decided: June 1, 1971.
Appeal from order of Court of Common Pleas of Delaware County, March T., 1966, No. 407, in case of Commonwealth of Pennsylvania v. Woodrow Wilson Sheid.
David E. Auerbach, Assistant Public Defender, for appellant.
Ralph B. D'Iorio, Assistant District Attorney, William R. Toal, Jr., First Assistant District Attorney, and Stephen J. McEwen, Jr., District Attorney, for appellee.
Bell, C. J., Jones, Eagen, O'Brien, Roberts, Pomeroy and Barbieri, JJ. Opinion by Mr. Justice Eagen.
[ 443 Pa. Page 83]
On June 21, 1966, Woodrow Wilson Sheid, while represented by court-appointed counsel, entered a general plea of guilty to murder in Delaware County. Before accepting the plea, the trial court directed numerous questions to Sheid personally and his answers thereto clearly indicated that the plea was Sheid's voluntary act, and that he understood the consequences thereof. After an extensive hearing, Sheid was adjudged guilty of murder in the second degree and was sentenced to imprisonment for a term of 7 1/2 to 15 years. No appeal from the judgment was entered.
On January 11, 1968, Sheid filed a petition seeking relief under the Post Conviction Hearing Act, Act of January 25, 1966, P. L. (1965) 1580, 19 P.S. §§ 1180-1 to -14 (Supp. 1971). Counsel was appointed to represent him and an evidentiary hearing followed. In these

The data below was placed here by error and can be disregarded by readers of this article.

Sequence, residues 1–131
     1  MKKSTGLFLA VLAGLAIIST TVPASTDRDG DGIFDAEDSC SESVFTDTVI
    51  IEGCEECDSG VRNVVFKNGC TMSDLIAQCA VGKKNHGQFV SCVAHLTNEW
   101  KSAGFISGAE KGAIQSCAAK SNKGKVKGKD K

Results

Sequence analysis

[ 443 Pa. Page 84]
proceedings, Sheid maintained: (1) that the sentence proceedings violated constitutional due process in that in imposing sentence the trial court considered prior convictions suffered at a time when he was without the assistance of counsel; and (2) that he was never advised of his right to appeal from the judgment of sentence.
Sheid's trial counsel testified at the hearing that he fully advised Sheid of his right to appeal both before and after the guilty plea was entered. On the basis of this testimony, the court found that Sheid was not deprived of his "Douglas" rights, but in an exercise of extreme caution the court vacated the original sentence and directed that new sentence proceedings ensue. Such followed at a later date, and then the court imposed a sentence of imprisonment of similar duration as that originally imposed. In imposing the new sentence, the court made it clear that Sheid's prior record was not being considered.
A timely appeal from the judgment of sentence was then filed in this Court. While this appeal was pending Sheid filed a new petition in the trial court seeking post-conviction relief from the 1966 judgment asserting that his guilty plea was involuntarily entered. The appeal pending in this Court was then "withdrawn and discontinued" on praecipe signed and filed by Sheid's post-conviction relief counsel.
Subsequently, an evidentiary hearing on the second post-conviction relief petition was conducted during which Sheid had the assistance of counsel. The petition was dismissed and from the last mentioned order, the present appeal was filed.
No exceptional circumstances are alleged in the present proceedings to show why the voluntariness of the plea question was not raised in Sheid's first post-conviction relief proceedings. Moreover, Sheid had the
[ 443 Pa. Page 85]
opportunity of pursuing this issue in the appeal from the judgment of sentence which his counsel withdrew and discontinued. Under the circumstances, the issue has now been waived. See Act of 1966, Id. § 1180-4. Commonwealth v. Corbin, 440 Pa. 65, 269 A.2d 475 (1970); and Commonwealth v. Faison, 437 Pa. 432, 264 A.2d 394 (1970).
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